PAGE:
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The leading ultra-Orthodox rabbis, who less than a year ago accused kabbalist Rabbi Yaakov Israel Ifergan of paganism and called him a "fiend," have decided to make peace with him.

During the stormy election campaign in Netivot, the Ashkenazi rabbis warned that anyone associated with Ifergan, who is known as the "X-ray rabbi," would have no part in the hereafter.

The attack followed Ifergan's decision to withdraw from the Haredi bloc in the local elections and run for town council on a separate list.

Last week, on the eve of the Days of Awe, Ifergan's attempts at reconciliation succeeded, when the rabbis who attacked him - Aharon Leib Steinman, Haim Kanyevsky, Nissim Karelitz and Michel Yehuda Lefkowitz - agreed to host him in their homes.

Last November these rabbis signed a letter accusing Ifergan of evil doings that "bring darkness on the town," "breaching fences of holiness," "sewing divisiveness among the God-fearing and undermining the rabbis' leadership." The letter also threatened that anyone associated with Ifergan would have no part in the next world.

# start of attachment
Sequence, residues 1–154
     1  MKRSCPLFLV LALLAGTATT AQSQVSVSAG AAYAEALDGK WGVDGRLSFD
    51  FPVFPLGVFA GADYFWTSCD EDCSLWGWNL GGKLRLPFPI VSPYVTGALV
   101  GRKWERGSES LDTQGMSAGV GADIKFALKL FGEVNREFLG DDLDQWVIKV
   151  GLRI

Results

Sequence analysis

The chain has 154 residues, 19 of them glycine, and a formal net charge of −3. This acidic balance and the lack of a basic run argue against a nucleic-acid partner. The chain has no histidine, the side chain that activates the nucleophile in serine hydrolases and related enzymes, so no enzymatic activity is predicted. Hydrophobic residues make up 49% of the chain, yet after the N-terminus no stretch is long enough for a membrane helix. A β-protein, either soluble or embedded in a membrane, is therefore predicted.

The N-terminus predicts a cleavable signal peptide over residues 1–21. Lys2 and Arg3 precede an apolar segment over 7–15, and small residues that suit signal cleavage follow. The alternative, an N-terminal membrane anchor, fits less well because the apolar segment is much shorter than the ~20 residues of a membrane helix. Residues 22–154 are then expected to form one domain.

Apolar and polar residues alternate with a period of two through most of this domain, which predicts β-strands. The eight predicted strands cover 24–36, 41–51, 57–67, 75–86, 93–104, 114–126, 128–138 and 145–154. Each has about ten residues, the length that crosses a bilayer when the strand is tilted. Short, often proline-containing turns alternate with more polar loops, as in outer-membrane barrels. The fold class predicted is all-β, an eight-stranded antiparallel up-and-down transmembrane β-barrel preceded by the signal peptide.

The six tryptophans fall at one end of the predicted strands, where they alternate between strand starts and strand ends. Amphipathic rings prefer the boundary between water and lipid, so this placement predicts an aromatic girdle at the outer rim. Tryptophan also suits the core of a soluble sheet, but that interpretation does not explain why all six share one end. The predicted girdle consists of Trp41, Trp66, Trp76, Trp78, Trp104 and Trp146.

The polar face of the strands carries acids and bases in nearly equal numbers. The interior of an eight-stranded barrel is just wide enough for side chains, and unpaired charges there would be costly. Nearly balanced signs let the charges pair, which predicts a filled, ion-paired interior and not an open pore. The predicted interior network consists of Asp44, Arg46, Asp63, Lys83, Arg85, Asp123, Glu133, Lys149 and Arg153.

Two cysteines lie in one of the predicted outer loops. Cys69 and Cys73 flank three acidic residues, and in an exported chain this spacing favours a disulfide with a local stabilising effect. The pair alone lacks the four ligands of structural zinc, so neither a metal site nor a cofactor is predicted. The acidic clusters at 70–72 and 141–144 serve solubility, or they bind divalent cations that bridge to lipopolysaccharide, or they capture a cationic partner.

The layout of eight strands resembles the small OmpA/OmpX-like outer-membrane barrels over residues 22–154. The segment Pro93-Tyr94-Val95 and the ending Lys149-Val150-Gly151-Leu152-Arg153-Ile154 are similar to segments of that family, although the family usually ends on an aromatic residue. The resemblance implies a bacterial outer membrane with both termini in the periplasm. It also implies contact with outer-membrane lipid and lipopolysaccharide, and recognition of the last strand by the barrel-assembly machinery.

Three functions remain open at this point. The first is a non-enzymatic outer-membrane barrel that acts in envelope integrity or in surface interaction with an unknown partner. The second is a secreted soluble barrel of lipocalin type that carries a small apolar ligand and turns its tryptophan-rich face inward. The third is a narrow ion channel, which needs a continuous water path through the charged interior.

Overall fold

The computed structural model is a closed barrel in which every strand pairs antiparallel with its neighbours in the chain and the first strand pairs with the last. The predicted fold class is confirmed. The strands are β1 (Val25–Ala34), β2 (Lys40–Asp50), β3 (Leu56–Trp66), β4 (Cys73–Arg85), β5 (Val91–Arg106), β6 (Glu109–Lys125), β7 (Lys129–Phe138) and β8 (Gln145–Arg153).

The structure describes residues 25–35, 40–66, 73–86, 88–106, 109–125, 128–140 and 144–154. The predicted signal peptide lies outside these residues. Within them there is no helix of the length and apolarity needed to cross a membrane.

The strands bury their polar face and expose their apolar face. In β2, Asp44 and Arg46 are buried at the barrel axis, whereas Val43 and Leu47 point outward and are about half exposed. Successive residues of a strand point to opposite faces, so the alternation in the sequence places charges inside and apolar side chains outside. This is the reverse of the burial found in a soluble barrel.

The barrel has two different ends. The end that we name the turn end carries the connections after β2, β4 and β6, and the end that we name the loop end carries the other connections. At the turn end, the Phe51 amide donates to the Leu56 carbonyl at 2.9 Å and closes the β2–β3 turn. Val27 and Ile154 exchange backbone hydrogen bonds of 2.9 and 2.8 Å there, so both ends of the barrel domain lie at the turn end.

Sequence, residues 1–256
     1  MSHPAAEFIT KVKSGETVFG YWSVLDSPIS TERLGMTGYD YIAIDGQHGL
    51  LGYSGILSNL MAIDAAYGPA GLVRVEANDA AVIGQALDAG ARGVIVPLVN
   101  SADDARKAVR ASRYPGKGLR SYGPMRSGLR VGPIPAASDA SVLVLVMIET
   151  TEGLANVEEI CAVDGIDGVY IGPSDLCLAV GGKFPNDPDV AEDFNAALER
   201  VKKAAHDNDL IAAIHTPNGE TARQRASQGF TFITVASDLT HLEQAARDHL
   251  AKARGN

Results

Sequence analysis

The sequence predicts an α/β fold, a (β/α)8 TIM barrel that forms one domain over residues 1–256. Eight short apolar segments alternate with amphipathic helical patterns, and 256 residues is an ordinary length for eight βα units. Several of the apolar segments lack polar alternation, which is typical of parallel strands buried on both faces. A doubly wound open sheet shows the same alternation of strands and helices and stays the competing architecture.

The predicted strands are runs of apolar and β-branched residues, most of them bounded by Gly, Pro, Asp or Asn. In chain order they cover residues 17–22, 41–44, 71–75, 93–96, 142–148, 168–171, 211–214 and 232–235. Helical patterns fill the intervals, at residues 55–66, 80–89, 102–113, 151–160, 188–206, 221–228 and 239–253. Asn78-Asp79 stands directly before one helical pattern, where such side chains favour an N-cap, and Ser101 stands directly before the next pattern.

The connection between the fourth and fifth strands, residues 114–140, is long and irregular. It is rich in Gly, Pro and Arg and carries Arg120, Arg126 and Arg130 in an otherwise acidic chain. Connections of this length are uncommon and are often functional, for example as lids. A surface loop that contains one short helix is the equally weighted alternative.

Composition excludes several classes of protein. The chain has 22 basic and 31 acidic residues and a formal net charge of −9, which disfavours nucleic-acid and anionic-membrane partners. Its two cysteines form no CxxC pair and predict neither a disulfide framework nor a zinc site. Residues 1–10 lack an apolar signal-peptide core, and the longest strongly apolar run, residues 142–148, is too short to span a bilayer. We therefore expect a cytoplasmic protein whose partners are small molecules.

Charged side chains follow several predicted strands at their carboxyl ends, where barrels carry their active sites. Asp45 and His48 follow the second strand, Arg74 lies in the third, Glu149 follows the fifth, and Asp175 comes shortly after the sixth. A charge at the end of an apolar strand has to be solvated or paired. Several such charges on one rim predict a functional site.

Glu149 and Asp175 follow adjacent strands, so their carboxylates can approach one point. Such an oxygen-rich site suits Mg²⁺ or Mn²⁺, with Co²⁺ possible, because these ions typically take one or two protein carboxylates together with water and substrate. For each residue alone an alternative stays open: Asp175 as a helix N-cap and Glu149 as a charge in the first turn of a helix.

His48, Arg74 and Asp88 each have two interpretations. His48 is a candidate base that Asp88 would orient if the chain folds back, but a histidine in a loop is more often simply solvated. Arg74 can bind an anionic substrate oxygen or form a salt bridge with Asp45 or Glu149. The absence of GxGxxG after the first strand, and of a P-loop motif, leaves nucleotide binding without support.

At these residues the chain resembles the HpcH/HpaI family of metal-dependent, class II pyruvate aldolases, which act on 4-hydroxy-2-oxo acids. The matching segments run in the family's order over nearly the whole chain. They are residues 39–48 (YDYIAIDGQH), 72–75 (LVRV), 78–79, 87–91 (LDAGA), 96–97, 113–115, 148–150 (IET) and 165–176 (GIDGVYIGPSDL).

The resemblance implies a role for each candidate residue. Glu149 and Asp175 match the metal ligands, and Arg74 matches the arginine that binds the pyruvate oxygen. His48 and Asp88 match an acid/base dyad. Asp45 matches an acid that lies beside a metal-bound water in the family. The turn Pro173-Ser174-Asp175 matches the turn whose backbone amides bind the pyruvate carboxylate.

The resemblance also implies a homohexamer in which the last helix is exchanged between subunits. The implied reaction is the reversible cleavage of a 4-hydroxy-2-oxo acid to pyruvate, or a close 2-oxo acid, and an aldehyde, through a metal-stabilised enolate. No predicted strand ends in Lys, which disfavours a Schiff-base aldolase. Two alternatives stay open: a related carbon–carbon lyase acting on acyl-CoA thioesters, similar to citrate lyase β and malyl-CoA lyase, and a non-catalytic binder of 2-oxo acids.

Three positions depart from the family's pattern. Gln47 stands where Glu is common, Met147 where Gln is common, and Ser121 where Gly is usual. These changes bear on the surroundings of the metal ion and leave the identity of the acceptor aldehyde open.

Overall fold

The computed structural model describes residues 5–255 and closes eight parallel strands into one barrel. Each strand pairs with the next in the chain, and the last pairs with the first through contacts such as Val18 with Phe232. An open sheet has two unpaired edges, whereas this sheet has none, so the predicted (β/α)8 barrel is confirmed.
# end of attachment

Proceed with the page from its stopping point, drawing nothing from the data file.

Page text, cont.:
Haredi arbiter Rabbi Yosef Sholom Elyashiv and Ifergan's archrival, Rabbi Issachar Meir, head of Netivot's Negev Yeshiva, also signed the letter.

Ultra-Orthodox journalist Yanky Bichler, who played a part in the reconciliation, told Haaretz that the rabbis' objection to Ifergan softened when they heard of his charity, and the kollel and Haredi elementary school he led in Netivot. Bichler said the rabbis commended Ifergan and "treated him royally."

A few months ago Ifergan made peace with Netivot's mayor, Yehiel Zohar, who had also fallen out with him during the election campaign.

Recently their relations were tested when the municipality demanded that Ifergan pay a large debt he owed and threatened to confiscate his bank accounts. But sources close to Ifergan said he paid and ended the conflict.